A fresh examination of the ethical and intellectual issues and dilemmas associated with attempts to establish formal humanitarian limits on weaponry.
This new study considers how governments, non-governmental organizations, academics, political commentators and others have responded to the predicaments associated with imposing classifications about the relative acceptability of force and what is accomplished in their strategies for doing so. It develops these issues through combining thematic and conceptual analysis with the examination of varied cases of prohibitions on ‘conventional’ and ‘unconventional’ weapons through customary and statutory laws, multilateral treaties, UN resolutions, and national legislation.
The book will appeal to students of security studies, military technology, peace studies, international relations and discourse theory.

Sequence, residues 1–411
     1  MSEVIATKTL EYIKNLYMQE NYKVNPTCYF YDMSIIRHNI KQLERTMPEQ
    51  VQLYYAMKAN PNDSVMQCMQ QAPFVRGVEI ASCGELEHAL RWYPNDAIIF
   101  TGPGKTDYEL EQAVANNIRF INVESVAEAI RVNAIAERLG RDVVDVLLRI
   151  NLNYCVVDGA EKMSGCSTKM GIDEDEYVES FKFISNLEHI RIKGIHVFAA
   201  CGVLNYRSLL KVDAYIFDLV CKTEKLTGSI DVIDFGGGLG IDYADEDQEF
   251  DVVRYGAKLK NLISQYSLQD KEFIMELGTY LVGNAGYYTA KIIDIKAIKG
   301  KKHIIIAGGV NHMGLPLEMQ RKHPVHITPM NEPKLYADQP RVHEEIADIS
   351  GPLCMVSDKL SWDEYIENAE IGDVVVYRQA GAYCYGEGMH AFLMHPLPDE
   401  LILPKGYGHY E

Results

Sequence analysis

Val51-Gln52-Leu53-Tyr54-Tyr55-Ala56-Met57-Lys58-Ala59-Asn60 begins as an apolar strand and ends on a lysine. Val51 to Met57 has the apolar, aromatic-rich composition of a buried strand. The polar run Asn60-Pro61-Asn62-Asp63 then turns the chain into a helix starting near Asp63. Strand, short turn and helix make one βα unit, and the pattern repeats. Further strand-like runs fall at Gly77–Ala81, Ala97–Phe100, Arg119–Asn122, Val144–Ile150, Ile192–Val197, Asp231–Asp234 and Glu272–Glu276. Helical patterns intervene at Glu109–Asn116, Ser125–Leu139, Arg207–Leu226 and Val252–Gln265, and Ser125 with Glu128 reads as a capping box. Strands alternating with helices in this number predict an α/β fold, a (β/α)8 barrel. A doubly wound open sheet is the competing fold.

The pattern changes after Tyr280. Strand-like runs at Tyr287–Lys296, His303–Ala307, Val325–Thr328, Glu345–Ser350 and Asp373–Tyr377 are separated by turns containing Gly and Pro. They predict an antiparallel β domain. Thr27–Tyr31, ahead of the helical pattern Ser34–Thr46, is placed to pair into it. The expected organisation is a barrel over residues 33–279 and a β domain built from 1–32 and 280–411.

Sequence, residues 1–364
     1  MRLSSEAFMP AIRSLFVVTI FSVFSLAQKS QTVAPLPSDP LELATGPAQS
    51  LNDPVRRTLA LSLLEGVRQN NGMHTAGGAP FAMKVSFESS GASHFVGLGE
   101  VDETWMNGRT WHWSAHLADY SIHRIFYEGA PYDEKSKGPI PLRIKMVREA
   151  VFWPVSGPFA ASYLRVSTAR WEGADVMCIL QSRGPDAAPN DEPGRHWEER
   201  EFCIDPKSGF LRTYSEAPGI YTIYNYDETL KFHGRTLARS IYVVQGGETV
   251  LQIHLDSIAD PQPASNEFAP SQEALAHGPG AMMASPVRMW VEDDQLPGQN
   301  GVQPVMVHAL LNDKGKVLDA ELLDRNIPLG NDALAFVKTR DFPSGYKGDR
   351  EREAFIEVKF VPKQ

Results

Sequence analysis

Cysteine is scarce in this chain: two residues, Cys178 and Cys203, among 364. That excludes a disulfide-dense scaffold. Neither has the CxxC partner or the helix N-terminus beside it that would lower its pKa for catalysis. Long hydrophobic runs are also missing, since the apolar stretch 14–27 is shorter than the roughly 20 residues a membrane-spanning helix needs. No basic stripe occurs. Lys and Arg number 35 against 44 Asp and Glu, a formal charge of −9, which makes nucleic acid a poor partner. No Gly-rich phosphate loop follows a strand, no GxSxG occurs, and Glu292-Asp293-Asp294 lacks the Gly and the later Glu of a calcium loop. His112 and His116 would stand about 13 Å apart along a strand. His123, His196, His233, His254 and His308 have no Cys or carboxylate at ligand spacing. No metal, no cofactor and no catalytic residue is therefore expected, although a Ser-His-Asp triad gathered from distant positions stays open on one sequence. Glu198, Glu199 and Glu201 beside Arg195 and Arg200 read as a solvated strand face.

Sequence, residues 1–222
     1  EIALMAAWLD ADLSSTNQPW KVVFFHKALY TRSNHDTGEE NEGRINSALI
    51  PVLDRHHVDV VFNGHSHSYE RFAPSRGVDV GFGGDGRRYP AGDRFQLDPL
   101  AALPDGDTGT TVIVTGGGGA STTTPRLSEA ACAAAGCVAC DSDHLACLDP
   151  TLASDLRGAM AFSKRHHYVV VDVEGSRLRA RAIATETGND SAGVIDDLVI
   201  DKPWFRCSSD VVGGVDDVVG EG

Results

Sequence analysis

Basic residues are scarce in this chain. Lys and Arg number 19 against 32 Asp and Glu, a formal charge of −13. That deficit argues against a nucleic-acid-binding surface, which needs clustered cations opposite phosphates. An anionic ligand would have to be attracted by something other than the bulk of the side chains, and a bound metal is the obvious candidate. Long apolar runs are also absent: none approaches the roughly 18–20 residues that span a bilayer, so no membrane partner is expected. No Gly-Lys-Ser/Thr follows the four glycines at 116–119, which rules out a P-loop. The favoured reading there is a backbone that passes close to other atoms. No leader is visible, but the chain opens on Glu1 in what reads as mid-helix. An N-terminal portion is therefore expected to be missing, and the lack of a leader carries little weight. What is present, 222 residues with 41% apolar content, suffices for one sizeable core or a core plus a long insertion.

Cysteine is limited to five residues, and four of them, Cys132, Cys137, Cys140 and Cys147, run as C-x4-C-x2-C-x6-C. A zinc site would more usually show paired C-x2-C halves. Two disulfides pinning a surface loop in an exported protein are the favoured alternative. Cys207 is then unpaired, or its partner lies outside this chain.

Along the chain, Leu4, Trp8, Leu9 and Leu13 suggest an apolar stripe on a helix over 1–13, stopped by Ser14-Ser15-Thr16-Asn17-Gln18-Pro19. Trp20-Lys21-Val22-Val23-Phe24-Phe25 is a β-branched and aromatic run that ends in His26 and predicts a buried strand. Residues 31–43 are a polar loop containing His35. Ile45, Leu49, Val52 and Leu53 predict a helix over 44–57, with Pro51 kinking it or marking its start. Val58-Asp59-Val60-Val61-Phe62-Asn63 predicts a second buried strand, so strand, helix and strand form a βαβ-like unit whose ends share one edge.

Table of Contents
Part 1. This Happening World 1. The Chains that Bind? 2. Striving for Order 3. The Word and the World Part 2 1. The Technologies of Conflict and the Conflicts about Technology 2. Weapons: What are they? 3. Weapons: What are they for? 4. Weapons: What do they do? Part 3. Prohibiting Weapons 1. Predicaments with Prohibitions 2. Fractured Worlds: The Case of Cluster Bombs 3. Dealing with Unfinished Business Part 4. Future Agendas 1. Troubles with Humanitarian Prohibitions
Brian Rappert is Lecturer in the Department of Sociology, at the School of Historical, Political and Sociological Studies at Exeter University.